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  4.    9 Sneaky Fees to Watch for When Hiring a Property Manager

    I'm a bit taken aback by the use of the word "sneaky" if the provisions of the management contract are clear on the issues raised in this article.

    Add your comment. Including the article/link number will help.


  5.    CONVERSABLE ECONOMIST: Tally Sticks and the Fundamentals of Money

    Tally sticks were a highly successful monetary innovation, in the sense that they were used for centuries. They offer a demonstration of the idea that money, at its root, is something that can be stored and then accepted for purchases: as the textbooks say, money is a medium of exchange, a store of value, and a unit of account. They also demonstrate that money can be created by private actors, although textbooks typically emphasize the role of banks in creating money in the modern economy.

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  6.    Douglas L. Campbell: In the Idiocy of Kevin Warsh: More Evidence for the 'Self-Induced Paralysis' Thesis

    This is great! Doug Campbell nails it.

    Add your comment. Including the article/link number will help.


  7.    Should I Buy Many Cheap or a Few Pricier Homes? An Analysis

    Don't go too high end. It's easier to find tenants and keep vacancies low if you buy properties in the price range most people in your area can afford. Higher demand properties are going to be easier than higher end properties.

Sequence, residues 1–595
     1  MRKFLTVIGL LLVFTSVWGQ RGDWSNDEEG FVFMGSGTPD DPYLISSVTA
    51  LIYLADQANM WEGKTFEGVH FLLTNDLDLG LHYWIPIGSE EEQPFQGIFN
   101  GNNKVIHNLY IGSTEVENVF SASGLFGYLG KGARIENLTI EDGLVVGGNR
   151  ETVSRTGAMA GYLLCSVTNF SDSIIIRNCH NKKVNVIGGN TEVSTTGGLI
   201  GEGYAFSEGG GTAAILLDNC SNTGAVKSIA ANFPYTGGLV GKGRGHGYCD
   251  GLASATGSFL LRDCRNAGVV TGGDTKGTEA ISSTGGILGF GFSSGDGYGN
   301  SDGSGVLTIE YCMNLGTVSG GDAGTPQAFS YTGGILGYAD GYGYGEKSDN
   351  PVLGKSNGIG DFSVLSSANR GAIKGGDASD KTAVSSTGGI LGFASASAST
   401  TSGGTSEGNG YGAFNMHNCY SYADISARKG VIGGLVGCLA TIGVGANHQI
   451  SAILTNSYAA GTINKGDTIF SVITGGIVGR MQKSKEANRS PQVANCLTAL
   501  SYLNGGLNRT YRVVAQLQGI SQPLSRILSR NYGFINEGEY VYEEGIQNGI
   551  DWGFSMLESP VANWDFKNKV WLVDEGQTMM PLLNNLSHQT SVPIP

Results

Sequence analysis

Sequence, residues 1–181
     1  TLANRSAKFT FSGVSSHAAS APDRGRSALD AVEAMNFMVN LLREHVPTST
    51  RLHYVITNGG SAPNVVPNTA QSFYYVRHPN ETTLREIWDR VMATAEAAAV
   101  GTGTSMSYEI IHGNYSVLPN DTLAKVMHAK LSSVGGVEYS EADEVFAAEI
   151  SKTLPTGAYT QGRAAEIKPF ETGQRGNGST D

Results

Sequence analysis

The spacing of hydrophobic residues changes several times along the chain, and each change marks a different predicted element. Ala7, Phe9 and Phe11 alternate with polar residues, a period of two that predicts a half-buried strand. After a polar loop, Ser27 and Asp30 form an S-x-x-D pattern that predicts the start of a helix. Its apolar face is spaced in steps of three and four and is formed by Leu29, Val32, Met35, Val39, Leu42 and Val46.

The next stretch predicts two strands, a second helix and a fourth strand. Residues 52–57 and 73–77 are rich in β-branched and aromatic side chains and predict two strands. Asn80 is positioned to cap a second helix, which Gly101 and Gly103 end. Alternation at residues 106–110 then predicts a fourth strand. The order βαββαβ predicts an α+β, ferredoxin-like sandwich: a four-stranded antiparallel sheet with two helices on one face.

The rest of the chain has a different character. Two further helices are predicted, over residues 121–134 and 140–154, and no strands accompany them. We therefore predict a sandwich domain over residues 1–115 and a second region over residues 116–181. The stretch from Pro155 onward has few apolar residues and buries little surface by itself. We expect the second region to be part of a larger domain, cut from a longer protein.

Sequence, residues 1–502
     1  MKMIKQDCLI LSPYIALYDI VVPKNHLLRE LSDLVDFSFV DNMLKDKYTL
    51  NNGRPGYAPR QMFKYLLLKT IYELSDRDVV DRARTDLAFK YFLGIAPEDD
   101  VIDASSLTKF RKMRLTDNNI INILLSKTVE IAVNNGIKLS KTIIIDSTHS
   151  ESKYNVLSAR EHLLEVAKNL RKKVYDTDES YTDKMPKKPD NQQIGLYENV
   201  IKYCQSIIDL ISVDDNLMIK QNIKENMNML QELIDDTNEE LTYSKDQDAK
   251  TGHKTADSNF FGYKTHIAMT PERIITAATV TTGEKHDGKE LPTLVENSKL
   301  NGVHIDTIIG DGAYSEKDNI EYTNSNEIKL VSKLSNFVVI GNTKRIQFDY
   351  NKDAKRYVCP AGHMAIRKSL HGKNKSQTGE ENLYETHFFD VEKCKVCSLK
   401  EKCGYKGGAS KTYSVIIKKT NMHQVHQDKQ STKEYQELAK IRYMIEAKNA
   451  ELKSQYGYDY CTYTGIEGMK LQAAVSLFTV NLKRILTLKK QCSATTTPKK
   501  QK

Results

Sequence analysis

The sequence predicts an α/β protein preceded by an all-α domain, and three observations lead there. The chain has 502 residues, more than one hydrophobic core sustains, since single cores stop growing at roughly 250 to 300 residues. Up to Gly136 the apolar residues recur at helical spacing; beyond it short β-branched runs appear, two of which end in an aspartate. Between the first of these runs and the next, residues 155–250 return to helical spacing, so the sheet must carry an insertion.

True, but don't invest in your area if the area is too risky. Proper due diligence will rule out whole areas quite often.

    Add your comment. Including the article/link number will help.


  8.    Landlord alert: New index aims to take the risk out of rental investing

    I've covered this outfit before, but this article is a good and timely follow-on to the link immediately above. I'm not pushing Roofstock (though they might be just fine). I'm pushing granular, area due diligence (always have).

    Add your comment. Including the article/link number will help.


  9.    Panel-Maker Arconic Sued in U.S. Over Losses Linked to London Tower Fire

    Brave said shareholders were deceived by Arconic's inadequate disclosures regarding the cladding panels, and that their use significantly increased the risk of property damage, injury or death in buildings containing them.

    He said Arconic's public statements were "materially false and misleading at all relevant times," and that Kleinfeld and Giacobbe should also be held liable for their contents.

    We heard earlier about how the company said it had warned those to whom it was supplying the flammable siding not to use it on buildings above a certain number of floors; however, what did it, or didn't it, tell investors? We'll keep an eye on this story as it unfolds.

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  10.    L-W woman charged with burning home | The Roanoke-Chowan News-Herald

    "Both the SBI and the insurance company's investigator came to the conclusion that the fire was intentionally set," Holley said.

    The Sheriff added that accelerants were found inside the home, which were linked to how the fire started.